Let’s say that Carol is sitting in Starbucks. Cute Guy sees her and feels attraction – he would love to get her number. He figures there are three potential outcomes, listed in order of preference:
1. Approach Carol and get her number. Win!
2. Forget it and go back to texting. Meh.
3. Approach Carol and get rejected. Loser!
While Cute Guy is deciding what to do, he notices other guys in Starbucks, several of whom also have noticed Carol and are also stealing glances at her. He is a STEM guy, so he calculates his odds of success with each approach. Obviously, his chance of success with option 2 is zero. Option 1 is much more likely if he’s the only guy who approaches Carol, and Option 3 is probable if several guys approach Carol. He’d really rather not deal with the rejection. But she is gorgeous! How to know what other guys will do?
Game theory says that the better looking Carol is, the more guys will want to approach her, and the more likely that any one of them will be rejected. Since all the guys act independently, the odds are highest that each of them will conclude that it is not a good idea to approach Carol. The more admiring men there are in Starbucks, the lower Carol’s chances of getting approached at all. (Math nerds can find the equation here.)
The article concludes:
“Carol’s perception that she scares men away is not a delusion after all. According to the mathematics above, she may be justified in thinking that guys stay away from her. It is not a matter of bad luck but a collateral effect of interactive rationality. A paradoxical consequence is that Carol’s attractiveness acts as a repellent. This surprising phenomenon — which we call the Carol syndrome —is a by-product of psychological social interaction.”
Men like to say that beautiful women get hit on 50 times a day, but it simply isn’t true. They’re much more likely to go through their day having awkward interactions with tongue-tied men who won’t look them in the eye. Very few men have the cajones to approach a 10 and hit on her – and most 10s are not likely to jump at the chance to stroke the ego of a player. In this sociosexual climate, there are fewer men who feel confident approaching, period.
If this analysis is true, it supports my favorite hypothesis about why pleasantness of personality is overrepresented among both the low and high ends of the attractiveness spectrum: that neither group is much bothered by excessive male pestering, in the latter case because the cost of failure times its probability is prohibitive for the majority of men.
But Ms. Walsh also writes something unexpected:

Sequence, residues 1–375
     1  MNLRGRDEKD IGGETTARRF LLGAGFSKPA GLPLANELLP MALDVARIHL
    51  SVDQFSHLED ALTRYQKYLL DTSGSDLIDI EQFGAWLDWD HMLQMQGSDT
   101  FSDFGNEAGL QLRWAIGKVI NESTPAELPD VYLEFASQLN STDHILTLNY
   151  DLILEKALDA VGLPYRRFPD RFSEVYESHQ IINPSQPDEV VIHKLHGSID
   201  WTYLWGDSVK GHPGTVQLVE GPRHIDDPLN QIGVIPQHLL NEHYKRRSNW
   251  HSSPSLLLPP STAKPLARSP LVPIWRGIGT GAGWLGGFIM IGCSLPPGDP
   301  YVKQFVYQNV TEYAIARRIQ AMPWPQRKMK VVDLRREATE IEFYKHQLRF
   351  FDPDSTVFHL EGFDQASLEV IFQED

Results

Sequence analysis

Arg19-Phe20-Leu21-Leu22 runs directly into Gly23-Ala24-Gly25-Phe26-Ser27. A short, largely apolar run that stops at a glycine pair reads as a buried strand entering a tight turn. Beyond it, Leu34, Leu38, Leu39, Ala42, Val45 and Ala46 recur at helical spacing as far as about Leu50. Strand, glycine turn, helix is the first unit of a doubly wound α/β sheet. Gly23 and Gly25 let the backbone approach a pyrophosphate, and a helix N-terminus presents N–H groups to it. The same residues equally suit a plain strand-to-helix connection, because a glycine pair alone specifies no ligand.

Mark Gimein wrote The Eligible Bachelor Paradox, exploring how game theory might explain why dinner parties among 30-somethings always seem to have a shortage of available, appealing men:
. . .
The problem of the eligible bachelor is one of the great riddles of social life. Shouldn’t there be about as many highly eligible and appealing men as there are attractive, eligible women?
Gimein says no, and offers an explanation via game theory. In any auction, there will be “strong bidders” and “weak bidders.” Strong bidders are very confident of their ability to win the auction. However, weak bidders understand they can be outbid and often bid more aggressively, while the strong bidders hold out for a great deal. Empirical studies of auctions show that weak bidders often win. In dating, a strong bidder is a woman who feels very confident of her ability to attract men, while a weak bidder knows that she is less attractive and faces stiff competition.
You can see how this works intuitively if you just consider that with a lot at stake in getting it right in one shot, it’s the women who are confident that they are holding a strong hand who are likely to hold out and wait for the perfect prospect.
It’s all about the checklist! Meanwhile, women holding a weaker hand make moves.
Where have all the most appealing men gone? Married young, most of them—and sometimes to women whose most salient characteristic was not their beauty, or passion, or intellect, but their decisiveness.
Why is this noteworthy?
As an interesting aside, this calls into question the constant refrain that women who are less attractive than their hookups can get them for sex but not for commitment. That makes sense intuitively, but it appears that down the road, at least some men marry the women who bid aggressively. Some of those men may not be worth winning, but some of them are bound to be. In fact, men who are attractive but not socially dominant in their sphere may be quickest to jump at the chance to secure a woman – even if she is not as attractive as he is. The weak bidders are snatching up the good men.
Come to think of it, I have known men, all of whom were Christians (i.e., "marriage minded"), who married girls that struck me as . . . meh, not as attractive as I would have expected. In one case, I knew (of) his previous girlfriends, and knew that he had dated a lot better than he married. I never really considered that I could generalize from their experiences.